They want to refuse services to people of whom they don't approve (let's be honest, lesbian and gay people). They want to be free to proselytise and use the workplace as an extension of their church or mosque. They want prayer rooms and halal only canteen facilities. They want diversity policies rewritten so as to exclude gay people.
By giving credence to these ambitions through the publication of this report, the EHRC is endangering the whole concept of equality legislation. It has given the Mail and the Telegraph another opportunity to reinforce the idea that discrimination against Christians is widespread.
So, what is the real story of religion in the workplace? I can only tell of my own experience.
I worked for almost thirty years for a London borough which is one of the most diverse and multicultural in the country. As part of its policy of inclusion, the council drew its workforce from all sections of the community. This meant that in my decades working in a day centre for adults with profound learning disabilities, I met and worked with people from all over the world.
I loved it. I made good friends with people from Nicaragua, China, Russia, France, Italy, Germany, Pakistan, Zimbabwe, Nigeria, Fiji and many more. Because I was working in the "caring sector" the sorts of people who were attracted to the job were generally kind, compassionate and concerned. They were also often very religious.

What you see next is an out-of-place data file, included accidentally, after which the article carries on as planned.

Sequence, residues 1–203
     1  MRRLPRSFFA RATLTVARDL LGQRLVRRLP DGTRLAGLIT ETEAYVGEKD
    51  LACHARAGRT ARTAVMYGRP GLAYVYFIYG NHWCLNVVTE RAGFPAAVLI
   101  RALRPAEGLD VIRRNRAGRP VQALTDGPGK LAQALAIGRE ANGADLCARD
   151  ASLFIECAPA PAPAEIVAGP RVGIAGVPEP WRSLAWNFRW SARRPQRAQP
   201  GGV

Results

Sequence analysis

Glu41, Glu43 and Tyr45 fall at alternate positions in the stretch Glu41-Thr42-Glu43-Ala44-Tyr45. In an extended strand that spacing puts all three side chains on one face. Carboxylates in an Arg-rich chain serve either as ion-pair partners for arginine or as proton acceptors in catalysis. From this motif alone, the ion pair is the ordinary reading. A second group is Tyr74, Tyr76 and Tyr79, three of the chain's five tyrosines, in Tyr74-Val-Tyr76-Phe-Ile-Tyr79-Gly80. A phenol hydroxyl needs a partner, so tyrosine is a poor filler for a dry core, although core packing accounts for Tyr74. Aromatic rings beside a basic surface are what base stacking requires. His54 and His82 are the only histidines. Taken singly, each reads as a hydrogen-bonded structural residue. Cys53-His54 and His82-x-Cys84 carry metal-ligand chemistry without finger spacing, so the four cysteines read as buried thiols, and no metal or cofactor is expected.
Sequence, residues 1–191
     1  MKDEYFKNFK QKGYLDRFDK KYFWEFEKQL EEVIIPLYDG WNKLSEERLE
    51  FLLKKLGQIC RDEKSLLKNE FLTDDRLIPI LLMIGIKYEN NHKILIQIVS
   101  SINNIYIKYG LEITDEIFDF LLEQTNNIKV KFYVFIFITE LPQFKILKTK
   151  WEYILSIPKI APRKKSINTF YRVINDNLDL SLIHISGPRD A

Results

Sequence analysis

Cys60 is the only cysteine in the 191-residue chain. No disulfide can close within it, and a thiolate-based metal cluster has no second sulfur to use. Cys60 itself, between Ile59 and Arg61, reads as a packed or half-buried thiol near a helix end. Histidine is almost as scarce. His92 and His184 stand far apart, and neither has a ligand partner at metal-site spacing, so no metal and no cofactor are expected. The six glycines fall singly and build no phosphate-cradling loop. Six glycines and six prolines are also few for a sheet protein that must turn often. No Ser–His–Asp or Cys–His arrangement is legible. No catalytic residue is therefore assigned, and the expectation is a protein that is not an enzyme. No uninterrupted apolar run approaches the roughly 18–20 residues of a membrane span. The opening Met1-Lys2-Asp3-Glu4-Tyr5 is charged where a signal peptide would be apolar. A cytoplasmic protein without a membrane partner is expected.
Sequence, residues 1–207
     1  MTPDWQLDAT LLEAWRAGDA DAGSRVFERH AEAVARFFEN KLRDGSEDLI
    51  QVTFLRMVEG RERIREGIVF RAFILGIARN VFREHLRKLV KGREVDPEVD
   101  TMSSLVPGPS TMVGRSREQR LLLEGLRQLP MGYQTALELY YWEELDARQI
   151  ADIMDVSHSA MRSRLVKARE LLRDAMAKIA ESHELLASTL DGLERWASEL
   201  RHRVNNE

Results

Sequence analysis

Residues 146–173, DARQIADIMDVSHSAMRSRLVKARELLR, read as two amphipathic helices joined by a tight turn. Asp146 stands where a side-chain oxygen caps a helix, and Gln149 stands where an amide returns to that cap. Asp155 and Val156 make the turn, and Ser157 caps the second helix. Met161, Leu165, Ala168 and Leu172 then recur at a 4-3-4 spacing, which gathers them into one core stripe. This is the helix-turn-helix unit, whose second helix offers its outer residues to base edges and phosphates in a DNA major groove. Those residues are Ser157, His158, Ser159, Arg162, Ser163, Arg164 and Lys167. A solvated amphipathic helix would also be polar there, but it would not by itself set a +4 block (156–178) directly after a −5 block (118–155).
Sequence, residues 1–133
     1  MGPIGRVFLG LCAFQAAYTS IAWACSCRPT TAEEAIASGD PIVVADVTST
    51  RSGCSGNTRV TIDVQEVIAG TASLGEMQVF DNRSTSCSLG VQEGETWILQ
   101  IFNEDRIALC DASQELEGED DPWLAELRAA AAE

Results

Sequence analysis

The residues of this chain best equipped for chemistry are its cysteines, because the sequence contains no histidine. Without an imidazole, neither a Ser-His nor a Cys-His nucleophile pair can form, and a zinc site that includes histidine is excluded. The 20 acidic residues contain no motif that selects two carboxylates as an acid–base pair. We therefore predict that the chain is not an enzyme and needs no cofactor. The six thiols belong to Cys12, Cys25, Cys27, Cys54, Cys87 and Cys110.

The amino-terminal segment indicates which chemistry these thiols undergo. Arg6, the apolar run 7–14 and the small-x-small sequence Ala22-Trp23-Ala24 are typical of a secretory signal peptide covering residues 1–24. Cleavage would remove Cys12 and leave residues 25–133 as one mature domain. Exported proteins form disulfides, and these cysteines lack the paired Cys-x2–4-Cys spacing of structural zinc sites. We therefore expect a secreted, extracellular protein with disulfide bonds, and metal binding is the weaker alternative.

I worked with many black evangelical Christians who felt it was part of their religious calling to work in such a difficult and challenging environment, taking care of people who would otherwise be rejected by society. I found their religious enthusiasm quite perplexing – incomprehensible even – and they were equally totally flummoxed by my atheism. They had been, until then, totally enclosed in their happy-clappy community where the possibility of non-belief didn't seem to exist.
I didn't mind their constant discussion of the finer points of the Bible. I even helped one man write a sermon for his church, the first he had ever delivered.
Despite the occasional robust exchange of opinion, we got on with our work together in mutual respect. Humorous banter was never interpreted as "disrespect".
Then there was the Church of England vicar who came to work with us. He had decided to resign from his parish over the Church's liberalising approach to women. He was working at the centre from an agency, just as a social worker not as a clergyperson, needing to make some cash before he joined the Catholic "ordinariate".
I couldn't have disagreed with him more over his opinions, but strangely I quite liked him personally and we got on very well. Again, our discussions were frank, sometimes mocking, but both took it on the chin.
It would never have occurred to either of us to go complaining to the manager that our religious or non-religious approach to life was not being properly respected.
The only real problem I experienced over religion came from a cook, who was a devout Muslim, complete with moustacheless beard and traditional Pakistani clothing. It was his habit to play tapes of recitations from the Koran during meals – very LOUDLY.